BATAVIA, Ohio (AdAge.com) -- Nielsen is suspending its ambitious PRISM system for measuring audiences and gauging the effectiveness of in-store marketing, dealing a blow to efforts to put shopper marketing on a level analytical playing field with other media and marketing outlets.
In a statement, Nielsen blamed the indefinite suspension of the service, which began as a pilot in 2007, on the economy. The company began breaking the news to marketers and retailers involved in the project earlier today.
"Given the nation's serious economic state, Nielsen and its clients have decided this is not the right environment to launch a national syndicated service," the company said in the statement. "While the industry as a whole is very supportive of the syndicated service, many clients, in the face of the current economic environment, are not in a position to fully fund a syndicated service at this time."
Nielsen said it will keep providing custom work measuring and analyzing shopper marketing "until a syndicated service is financially viable for many of our clients."
No more Walmart
The move comes just over a month after Walmart Stores, an original backer of the effort and a charter member of the industry consortium of retailers and manufacturers behind it, said it wouldn't participate in the national rollout of PRISM or continue to waive its ban on sharing sales data with market-research firms as part of the project, as it had done since 2007.
At that time, AdAge.com reported that some in the industry, including one consortium member, predicted PRISM would go the way of another ambitious new system for measuring marketing impact, Apollo, which Arbitron and Nielsen shuttered last year after nearly four years of development and more than $45 million of investment.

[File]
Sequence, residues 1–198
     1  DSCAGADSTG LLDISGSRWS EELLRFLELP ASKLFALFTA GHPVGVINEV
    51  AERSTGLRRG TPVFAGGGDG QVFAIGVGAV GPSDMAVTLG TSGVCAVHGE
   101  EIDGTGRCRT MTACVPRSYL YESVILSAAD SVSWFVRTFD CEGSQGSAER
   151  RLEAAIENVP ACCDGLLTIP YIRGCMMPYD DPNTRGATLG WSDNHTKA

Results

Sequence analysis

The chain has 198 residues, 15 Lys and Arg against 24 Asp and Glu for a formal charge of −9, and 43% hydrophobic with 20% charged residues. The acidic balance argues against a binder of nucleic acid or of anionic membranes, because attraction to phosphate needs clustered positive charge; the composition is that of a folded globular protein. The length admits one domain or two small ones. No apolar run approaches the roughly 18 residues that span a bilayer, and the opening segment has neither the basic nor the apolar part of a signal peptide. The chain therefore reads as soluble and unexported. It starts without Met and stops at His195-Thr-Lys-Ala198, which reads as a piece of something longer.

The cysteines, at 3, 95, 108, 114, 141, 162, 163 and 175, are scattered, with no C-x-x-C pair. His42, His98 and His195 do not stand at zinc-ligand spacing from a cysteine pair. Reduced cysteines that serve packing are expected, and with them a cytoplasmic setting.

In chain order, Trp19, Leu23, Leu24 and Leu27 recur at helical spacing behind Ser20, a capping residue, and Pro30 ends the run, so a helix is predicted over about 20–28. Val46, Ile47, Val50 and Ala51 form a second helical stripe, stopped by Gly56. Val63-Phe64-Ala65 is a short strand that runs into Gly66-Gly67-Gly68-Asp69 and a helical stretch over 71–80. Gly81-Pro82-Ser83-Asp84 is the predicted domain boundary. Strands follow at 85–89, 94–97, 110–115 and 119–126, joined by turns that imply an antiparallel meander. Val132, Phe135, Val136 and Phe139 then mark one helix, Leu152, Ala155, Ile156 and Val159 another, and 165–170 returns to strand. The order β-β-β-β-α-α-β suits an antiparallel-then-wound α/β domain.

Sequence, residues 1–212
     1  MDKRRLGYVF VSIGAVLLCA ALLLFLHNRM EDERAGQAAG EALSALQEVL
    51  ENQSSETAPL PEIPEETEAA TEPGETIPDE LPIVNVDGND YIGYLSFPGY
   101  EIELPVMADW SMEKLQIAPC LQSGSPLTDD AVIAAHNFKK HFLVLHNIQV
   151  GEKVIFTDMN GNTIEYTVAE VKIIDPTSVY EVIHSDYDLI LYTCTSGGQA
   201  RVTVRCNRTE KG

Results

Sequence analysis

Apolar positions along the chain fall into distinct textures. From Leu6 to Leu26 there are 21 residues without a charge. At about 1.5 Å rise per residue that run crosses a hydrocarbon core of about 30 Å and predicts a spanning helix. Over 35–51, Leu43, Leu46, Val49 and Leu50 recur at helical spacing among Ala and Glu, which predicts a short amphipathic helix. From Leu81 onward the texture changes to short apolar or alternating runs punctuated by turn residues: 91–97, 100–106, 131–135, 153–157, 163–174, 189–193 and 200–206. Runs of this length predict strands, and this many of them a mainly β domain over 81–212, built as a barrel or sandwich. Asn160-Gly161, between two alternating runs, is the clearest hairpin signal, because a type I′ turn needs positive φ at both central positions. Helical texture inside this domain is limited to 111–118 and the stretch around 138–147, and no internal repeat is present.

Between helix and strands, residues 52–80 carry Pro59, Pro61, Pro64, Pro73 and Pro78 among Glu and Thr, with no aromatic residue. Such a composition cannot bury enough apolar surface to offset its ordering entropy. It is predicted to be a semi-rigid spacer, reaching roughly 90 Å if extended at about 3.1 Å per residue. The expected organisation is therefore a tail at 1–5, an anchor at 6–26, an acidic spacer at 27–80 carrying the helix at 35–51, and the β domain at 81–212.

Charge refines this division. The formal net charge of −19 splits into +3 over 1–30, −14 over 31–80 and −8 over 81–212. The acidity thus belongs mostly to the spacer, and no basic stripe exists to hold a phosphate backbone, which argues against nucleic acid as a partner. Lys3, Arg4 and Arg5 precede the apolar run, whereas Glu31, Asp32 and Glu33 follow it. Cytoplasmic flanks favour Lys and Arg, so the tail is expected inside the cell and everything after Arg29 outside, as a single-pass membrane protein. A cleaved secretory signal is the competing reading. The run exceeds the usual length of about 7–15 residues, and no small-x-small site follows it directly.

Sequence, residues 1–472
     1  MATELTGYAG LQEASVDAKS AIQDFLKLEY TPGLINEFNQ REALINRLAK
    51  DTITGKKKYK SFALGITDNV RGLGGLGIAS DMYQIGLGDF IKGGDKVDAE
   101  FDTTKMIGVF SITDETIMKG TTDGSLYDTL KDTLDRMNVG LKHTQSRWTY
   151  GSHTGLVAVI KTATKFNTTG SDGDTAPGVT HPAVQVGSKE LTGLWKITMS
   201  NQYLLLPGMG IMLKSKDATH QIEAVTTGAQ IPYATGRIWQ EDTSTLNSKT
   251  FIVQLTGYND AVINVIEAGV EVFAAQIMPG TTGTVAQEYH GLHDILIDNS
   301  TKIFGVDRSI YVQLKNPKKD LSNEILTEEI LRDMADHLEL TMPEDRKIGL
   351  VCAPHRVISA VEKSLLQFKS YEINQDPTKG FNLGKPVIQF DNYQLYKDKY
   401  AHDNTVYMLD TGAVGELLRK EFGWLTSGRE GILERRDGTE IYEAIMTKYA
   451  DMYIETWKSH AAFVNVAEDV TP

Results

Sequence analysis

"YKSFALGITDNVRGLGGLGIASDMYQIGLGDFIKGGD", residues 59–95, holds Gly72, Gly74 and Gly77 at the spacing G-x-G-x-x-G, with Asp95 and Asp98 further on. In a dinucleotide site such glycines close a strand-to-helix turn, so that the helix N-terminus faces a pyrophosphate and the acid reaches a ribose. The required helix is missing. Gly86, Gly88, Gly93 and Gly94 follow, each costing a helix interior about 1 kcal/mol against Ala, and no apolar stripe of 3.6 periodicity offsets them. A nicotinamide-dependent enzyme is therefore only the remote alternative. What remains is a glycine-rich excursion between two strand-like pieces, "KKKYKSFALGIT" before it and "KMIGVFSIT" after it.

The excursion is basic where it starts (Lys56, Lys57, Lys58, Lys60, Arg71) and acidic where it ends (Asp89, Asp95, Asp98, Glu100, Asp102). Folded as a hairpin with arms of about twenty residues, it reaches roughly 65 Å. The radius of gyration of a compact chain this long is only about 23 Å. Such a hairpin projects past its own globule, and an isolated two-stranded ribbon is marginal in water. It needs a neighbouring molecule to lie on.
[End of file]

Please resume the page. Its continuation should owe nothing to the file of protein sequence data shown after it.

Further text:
As with Apollo, the cost of PRISM data, which an executive for a consortium member said ranges from the low to mid-six figures annually (and up to seven figures for bigger marketers), is particularly daunting in the current economy. While it pales in comparison with media or trade-promotion budgets, he said, PRISM's cost is huge for syndicated market research.
Marketers still a few steps back
The executive said PRISM also delves into a level of detail that is steps beyond what many marketers are still trying to accomplish in-store, such as simply ensuring trade funds actually get used for marketing and merchandising rather than pocketed by retailers or that programs get executed as designed. He also said he was concerned PRISM would result in more money shifting from media advertising to trade promotion, which could weaken brands to the benefit of retailers and private labels.
"It was interesting at first," the executive said. "But when you poke at it a little more, it gets a little less interesting."
But Mike Hess, director-global research and consumer insights for Omnicom Group's OMD, and also an agency member of the PRISM consortium board, called the suspension "disappointing, because it had so much potential." He said it will be difficult to restart the project once it's been shut down.
Besides giving in-store marketing an audience-measurement system akin to those for TV and radio, PRISM also had such added benefits as measuring "closure rates," or the proportion of shoppers exposed to marketing or merchandising in a store who actually bought products from a given category.
Despite the shutdown of PRISM, which was touted by Nielsen CEO Dave Calhoun as the best example of the company's efforts to break down silos and make Nielsen more than the sum of its parts, Mr. Hess said he sees progress from the company in meshing data from several of its databases in the Nielsen Connect program.
Major backing from P&G
PRISM, which stands for Pioneering Research for an In-Store Metric, also got major backing from Procter & Gamble Co. in an effort that began with the In-Store Marketing Institute.
In a speech to the Consumer Analyst Group of New York last February, P&G Chairman-CEO A.G. Lafley said PRISM "will transform how we think about in-store consumer communication and behavior" by showing what shoppers had the opportunity to see and which in-store programs work best.
"We are disappointed by Nielsen's announcement to suspend the launch of the service," P&G said in a statement. "P&G will continue to leverage the robust PRISM data from the [pilot] market work."
Peter Hoyt, executive director of the In-Store Marketing Institute, said: "I know it was very expensive to do the constant, continuous audits in the field. I think the cost would have come down over time, but they ran out of time to do that because so many of the original supporters are having to cut their budgets. ... It's a shame. We thought it had a lot of promise."
He added, "There will be another way found, and we'll continue to help do that."